The 2024 Giro d’Italia will waste little time diving into the action, the pink jersey hopefuls will need to have decent TT chops, and in contrast to 2023’s backloaded course, a varied route should keep things appetizing throughout – with shorter stages and shorter climbs than we’ve seen recently at the Italian Grand Tour.
Those are some of the major takeaways from the official route presentation, which took place on Friday in Trento, unveiling the 21 stages that riders will tackle in the upcoming 107th edition of the Corsa Rosa.
Venaria Reale near Turin will host the Grande Partenza on May 4 of next year, and just over three weeks later, the Giro peloton will arrive in Rome to close out the first Grand Tour of the season. Along the way, there are 68.2 km of individual time trialing to cover split over two TT stages, and five days that organizers deem “mountain stages” to go with a handful of other very challenging, hillier days.
Here’s what you need to know about the route now that it has been unveiled.
We’re set to see some early action
In the past, there have been editions of this race where you could have gotten away with skipping the first few days and still seen all of the GC action, but you’re going to want to make it to this show on time. The very first stage of the 2024 Giro d’Italia will take riders over the Superga climb – often a feature of the one-day Milano-Torino race – and then the Colle Maddalena in a move that could see the climbers come to the fore immediately. Even if the up-and-down first stage does not accomplish that, the following day will as the peloton will tackle a summit finish at Oropa.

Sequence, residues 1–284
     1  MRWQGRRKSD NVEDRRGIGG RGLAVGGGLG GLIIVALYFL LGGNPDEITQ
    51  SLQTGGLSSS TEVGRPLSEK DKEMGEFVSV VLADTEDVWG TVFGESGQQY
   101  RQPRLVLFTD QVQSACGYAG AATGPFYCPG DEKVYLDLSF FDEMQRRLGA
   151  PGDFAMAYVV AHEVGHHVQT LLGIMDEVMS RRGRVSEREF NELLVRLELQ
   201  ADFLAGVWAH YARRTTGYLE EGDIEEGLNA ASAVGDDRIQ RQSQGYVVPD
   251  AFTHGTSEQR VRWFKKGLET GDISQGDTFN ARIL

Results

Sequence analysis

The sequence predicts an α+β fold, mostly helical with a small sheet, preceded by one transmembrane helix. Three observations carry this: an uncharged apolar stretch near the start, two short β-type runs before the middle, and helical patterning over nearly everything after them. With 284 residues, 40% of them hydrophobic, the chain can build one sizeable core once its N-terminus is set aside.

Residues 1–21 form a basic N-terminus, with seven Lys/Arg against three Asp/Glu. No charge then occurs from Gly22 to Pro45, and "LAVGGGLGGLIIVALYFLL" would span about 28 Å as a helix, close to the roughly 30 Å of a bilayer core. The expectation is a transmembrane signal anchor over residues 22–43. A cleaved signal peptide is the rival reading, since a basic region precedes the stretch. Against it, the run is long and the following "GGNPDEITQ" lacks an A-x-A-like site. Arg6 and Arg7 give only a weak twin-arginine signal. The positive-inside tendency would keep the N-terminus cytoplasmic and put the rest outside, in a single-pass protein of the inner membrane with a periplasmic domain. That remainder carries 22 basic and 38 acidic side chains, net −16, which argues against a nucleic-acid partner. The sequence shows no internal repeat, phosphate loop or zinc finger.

In other words, this will not be a Giro where riders and fans are waiting around until the final week to see the GC favorites showing themselves. That’s not to say the second half of the race lacks for bigger climbs; it’s just that the challenges are spread a bit more evenly through the race. That kind of approach proved to be a major recipe for excitement at last year’s Tour de France.
Following a pair of flatter days, the Giro will tackle a hilly Genoa to Lucca on stage 5 and then even cover at least a little bit of Tuscan gravel – 11.6 km to be exact – in stage 6. Then it’s onto the TT bikes for the first of two races against the clock. The stage 7 TT is a 37.2 km test.
Immediately following that day is the first “five-star difficulty” stage of the Giro, a short stage from Spoleto to Prati di Tivo that features a summit finish at Prati di Tivo. After a stage 9 that could go to the fast finishers in Naples, it’s onto the first rest day.